Top 10 Things to do in Costa Rica- Volunteer Turtle Hatching - HRG Costa Rica Vacations
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Top 10 Things to do in Costa Rica- Volunteer Turtle Hatching

Turtle Hatchling Escaping Into The Ocean

Sea turtles are one of the World’s Most Intriguing Animals and Costa Rica Volunteer Programs Let You Get Up Close


Part of their appeal is in their appearance — their flippers and friendly faces can charm just about anyone. Part is their mysterious nature — because they spend most of their lives swimming the ocean depths, little is known about their feeding or breeding habits. But the most fascinating thing about sea turtles is the process by which baby turtles enter the world.
turtle give birthIt is not a stretch to say that turtle hatching represents the struggle of life and death in nature in an epic way. Everyone is touched by the story of mother turtles swimming for thousands of miles to lay their eggs on the shore, and baby turtles hatching and heading on a perilous journey across the sand to the open sea.
Those who travel to Costa Rica have the incredible opportunity to be a part of this spectacular natural event. Four different breeds of turtle lay their eggs on Costa Rican shores, and visitors can be a part of every step, from witnessing the mothers lay their eggs, to helping the baby turtles make it out to sea.
Five different types of turtles lay their eggs in Costa Rica: the loggerhead, the leatherback, the Hawsbill, the green turtle, and the Olive Ridley turtle.
Loggerhead turtles are the largest sea turtles on Earth. They nest during the summer on Costa Rica’s Caribbean coast, and their hatchlings take 7 to 10 week to emerge.
The world’s largest turtle of any kind, and one of the largest reptiles, the leatherback features a distinctive leathery shell and an ancient appearance. The female can lay between 65 and 100 eggs in a single clutch. Leatherbacks nest on the Pacific coast — in the Guanacaste region — and in Tortuguero on the Caribbean coast.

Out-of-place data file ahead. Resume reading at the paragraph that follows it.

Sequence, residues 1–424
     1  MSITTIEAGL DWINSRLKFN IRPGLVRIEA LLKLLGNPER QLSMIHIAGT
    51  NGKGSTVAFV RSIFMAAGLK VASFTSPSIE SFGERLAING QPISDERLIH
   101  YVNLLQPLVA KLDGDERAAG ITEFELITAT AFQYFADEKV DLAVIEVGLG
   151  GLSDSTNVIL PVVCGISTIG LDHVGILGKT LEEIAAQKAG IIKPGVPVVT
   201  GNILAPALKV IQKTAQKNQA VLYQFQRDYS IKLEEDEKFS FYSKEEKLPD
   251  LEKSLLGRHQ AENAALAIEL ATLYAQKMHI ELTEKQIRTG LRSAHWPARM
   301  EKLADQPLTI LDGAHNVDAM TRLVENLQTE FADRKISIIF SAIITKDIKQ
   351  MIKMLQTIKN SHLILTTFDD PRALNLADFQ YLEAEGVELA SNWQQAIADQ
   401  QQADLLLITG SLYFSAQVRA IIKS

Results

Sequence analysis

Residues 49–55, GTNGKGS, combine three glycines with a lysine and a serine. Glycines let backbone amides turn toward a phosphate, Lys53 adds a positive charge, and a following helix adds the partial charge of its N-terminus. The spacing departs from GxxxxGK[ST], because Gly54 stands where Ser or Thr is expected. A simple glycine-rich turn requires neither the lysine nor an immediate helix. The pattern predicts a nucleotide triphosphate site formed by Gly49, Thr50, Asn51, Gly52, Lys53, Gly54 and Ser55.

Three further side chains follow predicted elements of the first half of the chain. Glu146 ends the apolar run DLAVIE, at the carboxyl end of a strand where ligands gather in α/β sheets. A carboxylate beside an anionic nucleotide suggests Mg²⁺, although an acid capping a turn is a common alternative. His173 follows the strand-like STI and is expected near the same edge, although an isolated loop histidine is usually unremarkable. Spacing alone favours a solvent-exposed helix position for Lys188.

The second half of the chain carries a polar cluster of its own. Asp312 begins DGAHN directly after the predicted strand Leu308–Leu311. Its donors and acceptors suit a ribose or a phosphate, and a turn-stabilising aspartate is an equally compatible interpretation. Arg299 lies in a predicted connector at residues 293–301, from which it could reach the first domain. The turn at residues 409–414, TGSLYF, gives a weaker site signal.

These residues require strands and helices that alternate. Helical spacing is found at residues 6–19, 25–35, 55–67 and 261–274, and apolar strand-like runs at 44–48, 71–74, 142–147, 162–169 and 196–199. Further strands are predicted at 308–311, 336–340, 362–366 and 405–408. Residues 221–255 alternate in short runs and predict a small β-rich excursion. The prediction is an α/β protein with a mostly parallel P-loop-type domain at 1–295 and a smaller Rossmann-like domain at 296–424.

The Hawksbill turtle’s cream-and-gray “leopard spots” make it easily identifiable. The female Hawksbill lays eggs once every three years, in clutches that range from 50 to 200. These turtles nest in Tortuguero, and in various places along the Pacific coast.
Green turtles are unique in that they make multiple trips to the sand to lay their eggs — up to seven times in just a few days. They also return to the same location each time for nesting, which they do every 2 to 4 years. Green turtles only nest in Tortuguero.
The Olive Ridley turtle provides perhaps the most fantastic spectacle of all, as nearly 150,000 female turtles head for shore in just four days. They come in relentless droves, called “arribadas,” sometimes trampling or digging up other nests in their rush to lay their eggs. Olive Ridley turtles nest on the Pacific northwestern shores of Guanacaste, and further south, near Tamarindo.
All of Costa Rica’s sea turtles are threatened or endangered, whether due to loss of habitat, egg poaching, overhunting, or all of the above. The government of Costa Rica actively supports the welfare of these animals, and great care should be taken to give them their space and leave their habitat as undisturbed as possible.
While Tortuguero is one of the best places to see all kinds of turtle hatchings, visitors can also head to Ostional Wildlife Refuge, Marina Las Baulas National Park, and Santa Rosa National Park to witness these amazing events. Go it alone, or take a one of many of Costa Rica’s turtle hatching tours.

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